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Texting and Tweeting in Class: Distraction or Educational Potential?

In many school settings, mobile devices make it easy to communicate through text messages and tweets. Is this form of communication only a source of distraction? Can it be used for effective teaching purposes? Researchers have looked into the question.

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ATTENTION! The English translation is automated - Errors (sometimes hilarious!) can creep in! ;)

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In many school settings, mobile devices make it easy to communicate through text messages and tweets. Is this form of communication only a source of distraction? Can it be used for effective teaching purposes? Researchers have looked into the question.

 

Relevant recommendations can be drawn from the results of the work of three American researchers on impacts and nature of texts and tweets on youth learning. The researchers wanted to see if the use of texts and tweets in the context of learning harmed students. Their study group was made up of university students.

In this study, participants received and were asked to compose texts and tweets on their mobile devices while viewing an educational video. The researchers controlled for several variables, such as the frequency of reception and composition of messages and the nature of their content. Thus, some participants received and had to compose more messages than others. Others received and had to respond to messages related to the video, while others received and had to respond to messages unrelated to their learning activity.

 

Relevant to the course, more cognitively active

The study tends to show that participants who were asked to compose and respond to messages relating to the video performed better on various subsequent evaluations than those who received and had to compose other messages. For the researchers, this could be partly explained by the fact that the students of the first group remain more attentive and focused on the video than those of the second group. Moreover, by having to read and compose messages, they would be cognitively more active, much in the same way as when they are called to to take notes.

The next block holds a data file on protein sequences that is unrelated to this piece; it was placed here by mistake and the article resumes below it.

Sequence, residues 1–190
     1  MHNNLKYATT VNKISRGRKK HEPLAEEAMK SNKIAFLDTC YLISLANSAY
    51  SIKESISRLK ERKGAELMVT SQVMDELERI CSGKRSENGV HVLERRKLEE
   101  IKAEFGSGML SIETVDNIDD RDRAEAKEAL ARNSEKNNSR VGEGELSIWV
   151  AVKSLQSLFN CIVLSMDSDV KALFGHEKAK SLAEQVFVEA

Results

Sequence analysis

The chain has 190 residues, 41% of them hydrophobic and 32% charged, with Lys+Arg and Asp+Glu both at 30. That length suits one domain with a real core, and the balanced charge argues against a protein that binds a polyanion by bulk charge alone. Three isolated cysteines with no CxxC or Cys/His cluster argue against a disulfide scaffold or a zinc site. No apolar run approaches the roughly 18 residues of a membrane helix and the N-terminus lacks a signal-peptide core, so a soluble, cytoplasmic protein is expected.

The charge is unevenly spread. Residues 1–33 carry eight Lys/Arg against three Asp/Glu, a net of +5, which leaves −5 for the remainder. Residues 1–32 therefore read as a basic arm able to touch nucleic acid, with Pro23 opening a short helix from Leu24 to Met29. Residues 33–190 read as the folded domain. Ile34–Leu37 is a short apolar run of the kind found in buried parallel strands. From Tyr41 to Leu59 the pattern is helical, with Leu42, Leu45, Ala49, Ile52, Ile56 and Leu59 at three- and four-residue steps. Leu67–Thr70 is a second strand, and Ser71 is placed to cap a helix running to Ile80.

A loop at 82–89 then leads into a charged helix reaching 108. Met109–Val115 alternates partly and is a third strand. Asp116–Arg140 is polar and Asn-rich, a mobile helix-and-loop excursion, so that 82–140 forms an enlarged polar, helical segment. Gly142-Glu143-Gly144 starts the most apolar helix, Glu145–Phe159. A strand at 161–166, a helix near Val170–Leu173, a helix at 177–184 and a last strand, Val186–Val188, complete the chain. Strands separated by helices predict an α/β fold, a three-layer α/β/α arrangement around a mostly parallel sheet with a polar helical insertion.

No connection with the course, harmful distraction

The study also tends to show that the frequency of reception and composition of messages has an impact on the attention of students. For example, among students who received and had to compose messages unrelated to the video, those who received and composed more scored lower on various assessments, including memorization. They also took lower quality notes, possibly due to the distraction created not only by the posts not being about the content of the video, but also by their high frequency.

 

The results of the study are of interest to those who wish to supervise the use of mobile devices in the classroom. This study suggests that texts and tweets can be relevant to learning, but that care should be taken to limit their frequency and, above all, to ensure that they truly relate to the content of the course.

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About the Author

Dominic Leblanc
Dominic leblanc
A graduate in sociology, Dominic Leblanc is an educational advisor in the Programs and Educational Development Department of the Cégep régional de Lanaudière in L'Assomption.

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